Some recent archaeological research at The CollectionRSS Feed
The material on display in a museum's galleries are only ever the tip of the iceberg when it comes to the scale of the complete collections. The museum's stores contain a host of fascinating items which are either not on display at that moment, are too delicate to be displayed without putting them at risk, or represent the mass of archaeological finds which are not necessarily the most attractive pieces, but are a fundamental resource for our study of the past. Throughout the year many researchers from Lincolnshire, Britain, Europe and further afield come to access our collections as part of their research. These researchers range from interested local historians delving into the history of their village to PhD students and Professors carrying out cutting edge research into our ancient past.
As most of this research goes on out of sight of general visitors, and even to many staff at the museum, here are just some of the varied and fascinating research projects we've been involved with in recent months:
Bronze Age accessory vessels
An MPhil student at the University of Bradford is currently compiling a corpus on a particular type of Bronze Age ceramic vessel, of which a number have been discovered in Lincolnshire. These small but often highly decorated pots are known as 'accessory vessels', but also sometimes by the slightly less acceptable term of 'pygmy pots'. They are often only 6 or 7cm in diameter, but usually bear much decoration, and possibly were even originally inlaid with coloured clay. The study will hopefully enable us to more closely categorise these vessels in future and understand more about how they were used in domestic, funerary and ritual contexts.
Click the image to see the entry for this vessel on our Lincs to the Past database
William Fowler's Roman mosaic illustrations
Lincolnshire is a county with a rich Roman heritage. Aside from the major settlements such as Lincoln, Horncastle and Caistor, the county's landscape is littered with the traces of Roman rural settlements, from small farmsteads to grand country estates. The wealthier rural settlements are often classified as 'villas', and these often stereotyped luxury residences have always captured the imagination of archaeologists and the public alike. Many Roman villas were discovered in the 18th Century, and the quality of the records kept of what was found can vary drastically. One man who took a particular interest in recording the mosaics being discovered in North Lincolnshire was William Fowler of Winterton. He was a builder, and the drawings he made of mosaics discovered at sites like Winterton, Roxby, Horkstow and Scampton between 1797 and 1829 are now invaluable to us. Using our copies of Fowler's illustrations, a researcher is investigating the accuracy of his work and how his drawings of the same mosaics changed over time.
Roman coins from Market Stainton
Two hoards of late Roman coins were discovered close to each other at Market Stainton in 1915/16 and 1938/39, and may be from the same, very large hoard totalling over 700 coins. The hoards are comprised of coins of Diocletian, Maximian, Constantius and Galerius - covering a period between c.AD284 and c.AD311. 281 of these coins are now in the museum's numismatic collections. A Professor at Georgetown University in the USA is producing a new book on coins from the Roman mint at London, and has been studying the Market Stainton coinage as it contains a number of good condition and unique coins.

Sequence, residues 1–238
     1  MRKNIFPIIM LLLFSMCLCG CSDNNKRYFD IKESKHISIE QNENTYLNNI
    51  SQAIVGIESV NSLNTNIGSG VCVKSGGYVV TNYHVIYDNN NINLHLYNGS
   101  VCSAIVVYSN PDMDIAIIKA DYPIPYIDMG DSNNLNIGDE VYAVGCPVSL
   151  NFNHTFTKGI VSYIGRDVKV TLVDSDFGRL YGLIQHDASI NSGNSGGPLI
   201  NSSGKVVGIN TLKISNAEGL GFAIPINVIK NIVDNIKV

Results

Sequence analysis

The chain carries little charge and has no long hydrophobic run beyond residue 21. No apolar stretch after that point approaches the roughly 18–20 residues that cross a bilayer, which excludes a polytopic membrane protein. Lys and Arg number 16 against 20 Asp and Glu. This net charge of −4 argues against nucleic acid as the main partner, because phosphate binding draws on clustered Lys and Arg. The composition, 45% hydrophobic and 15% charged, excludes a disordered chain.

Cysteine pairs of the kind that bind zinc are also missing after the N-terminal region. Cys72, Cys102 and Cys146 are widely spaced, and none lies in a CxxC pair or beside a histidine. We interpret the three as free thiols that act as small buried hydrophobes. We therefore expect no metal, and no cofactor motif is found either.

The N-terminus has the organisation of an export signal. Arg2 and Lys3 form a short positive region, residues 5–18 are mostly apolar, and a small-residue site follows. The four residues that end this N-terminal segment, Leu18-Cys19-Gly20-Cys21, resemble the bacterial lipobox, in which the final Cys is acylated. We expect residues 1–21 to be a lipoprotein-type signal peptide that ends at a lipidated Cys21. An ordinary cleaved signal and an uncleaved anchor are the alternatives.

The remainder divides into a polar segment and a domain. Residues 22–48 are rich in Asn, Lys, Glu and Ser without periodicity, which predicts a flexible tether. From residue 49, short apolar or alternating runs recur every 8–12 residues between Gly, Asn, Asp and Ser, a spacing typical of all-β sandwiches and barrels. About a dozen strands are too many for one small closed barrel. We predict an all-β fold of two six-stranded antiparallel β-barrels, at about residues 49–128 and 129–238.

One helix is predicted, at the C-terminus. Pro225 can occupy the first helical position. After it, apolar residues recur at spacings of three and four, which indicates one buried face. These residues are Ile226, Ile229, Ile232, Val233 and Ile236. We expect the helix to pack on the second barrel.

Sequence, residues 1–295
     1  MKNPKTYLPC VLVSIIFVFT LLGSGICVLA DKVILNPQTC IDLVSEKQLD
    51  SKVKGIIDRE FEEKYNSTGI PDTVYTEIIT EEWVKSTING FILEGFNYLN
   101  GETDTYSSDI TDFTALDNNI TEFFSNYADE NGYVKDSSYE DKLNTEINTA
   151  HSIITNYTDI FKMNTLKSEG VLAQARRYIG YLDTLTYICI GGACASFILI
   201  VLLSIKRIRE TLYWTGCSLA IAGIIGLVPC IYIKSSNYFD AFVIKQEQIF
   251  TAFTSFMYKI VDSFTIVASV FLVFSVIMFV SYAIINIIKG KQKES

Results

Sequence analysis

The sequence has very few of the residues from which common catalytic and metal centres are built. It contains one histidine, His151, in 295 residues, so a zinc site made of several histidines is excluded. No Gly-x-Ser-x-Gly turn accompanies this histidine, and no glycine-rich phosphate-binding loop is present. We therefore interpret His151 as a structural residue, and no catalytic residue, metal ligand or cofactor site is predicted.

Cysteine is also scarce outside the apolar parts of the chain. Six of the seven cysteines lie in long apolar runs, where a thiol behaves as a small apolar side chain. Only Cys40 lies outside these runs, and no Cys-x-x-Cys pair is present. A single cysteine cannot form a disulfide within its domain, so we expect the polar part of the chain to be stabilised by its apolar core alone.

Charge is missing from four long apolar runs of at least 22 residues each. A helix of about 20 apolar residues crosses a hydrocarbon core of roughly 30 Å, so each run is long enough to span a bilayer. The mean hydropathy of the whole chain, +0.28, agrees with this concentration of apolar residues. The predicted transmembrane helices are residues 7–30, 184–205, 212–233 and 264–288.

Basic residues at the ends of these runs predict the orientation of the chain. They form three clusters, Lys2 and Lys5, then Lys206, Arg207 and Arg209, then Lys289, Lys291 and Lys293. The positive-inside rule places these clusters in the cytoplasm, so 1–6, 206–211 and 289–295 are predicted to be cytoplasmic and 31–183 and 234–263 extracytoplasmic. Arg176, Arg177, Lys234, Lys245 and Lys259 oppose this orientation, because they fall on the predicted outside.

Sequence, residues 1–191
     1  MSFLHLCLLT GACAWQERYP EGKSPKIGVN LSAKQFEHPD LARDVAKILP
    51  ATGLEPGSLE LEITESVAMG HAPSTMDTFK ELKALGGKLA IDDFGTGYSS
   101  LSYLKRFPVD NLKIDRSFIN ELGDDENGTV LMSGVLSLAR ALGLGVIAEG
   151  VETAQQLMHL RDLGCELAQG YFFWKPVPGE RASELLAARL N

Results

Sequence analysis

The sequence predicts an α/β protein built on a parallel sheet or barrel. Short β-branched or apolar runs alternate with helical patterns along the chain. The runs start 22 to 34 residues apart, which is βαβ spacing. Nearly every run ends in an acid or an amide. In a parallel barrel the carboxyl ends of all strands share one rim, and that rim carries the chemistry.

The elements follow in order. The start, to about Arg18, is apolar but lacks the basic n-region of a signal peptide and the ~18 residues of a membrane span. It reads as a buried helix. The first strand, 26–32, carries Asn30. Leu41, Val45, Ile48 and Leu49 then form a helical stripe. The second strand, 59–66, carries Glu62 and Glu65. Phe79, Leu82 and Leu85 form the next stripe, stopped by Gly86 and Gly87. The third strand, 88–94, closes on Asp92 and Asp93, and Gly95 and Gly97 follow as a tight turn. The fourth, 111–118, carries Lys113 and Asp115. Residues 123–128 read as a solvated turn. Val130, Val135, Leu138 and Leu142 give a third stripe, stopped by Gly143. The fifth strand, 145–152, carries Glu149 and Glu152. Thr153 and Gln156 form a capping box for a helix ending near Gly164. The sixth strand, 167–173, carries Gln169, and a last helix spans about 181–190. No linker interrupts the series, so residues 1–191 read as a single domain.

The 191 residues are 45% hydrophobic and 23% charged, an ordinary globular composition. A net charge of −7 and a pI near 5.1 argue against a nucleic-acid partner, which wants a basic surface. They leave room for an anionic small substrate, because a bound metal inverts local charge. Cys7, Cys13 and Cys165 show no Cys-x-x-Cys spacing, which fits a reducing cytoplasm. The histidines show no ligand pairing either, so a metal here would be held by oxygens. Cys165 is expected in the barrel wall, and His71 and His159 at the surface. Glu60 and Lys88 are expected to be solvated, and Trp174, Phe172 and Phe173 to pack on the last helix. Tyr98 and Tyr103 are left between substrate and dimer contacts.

Iron Age bone points from Fiskerton
The Iron Age site at Fiskerton is one of the most important of its type in Europe, and a place that continues to reveal new secrets. The site is that of a timber causeway, crossing the marshy reed-beds at the edge of the River Witham and from which large quantities of valuable material were deposited into the river as religious offerings to the gods or ancestors. The anaerobic conditions at the site mean that much organic material survives that would otherwise have been lost - not just in the form of the causeway timbers themselves, but boats, handles from tools, spear shafts and a series of bone points. These bone points are simple items and have been found on various Iron Age sites across Europe, but rarely in the quantities known at Fiskerton. Produced from the leg bones of cows, sheep and pigs, the points were made by simply sharpening one end and sometimes perforating a hole at the other. They are variously interpretated as 'gouges', 'spearheads' or 'needles', and there is evidence that they may have been fitted onto shafts. A researcher at the University of Hull is investigating these points in more detail, and hopefully will be embarking on a project to authentically reconstruct replica points and test some of the existing theories about them.
Roman wall plaster from Lincoln
Researchers at Bishop Grosseteste University in Lincoln have been examining the decorative Roman wall plaster excavated from various sites in and around the city, including the sites of the Forum, the public baths, the house excavated underneath the museum, and the villa at Scampton. By comparing it to more recently excavated examples at Lincoln Castle and the Sudbrooke villa they hope to gain a greater understanding of the styles of interior decoration present in Roman Lincoln and the techniques of the painters employed to create the work.
Illustration by Dave Hopkins
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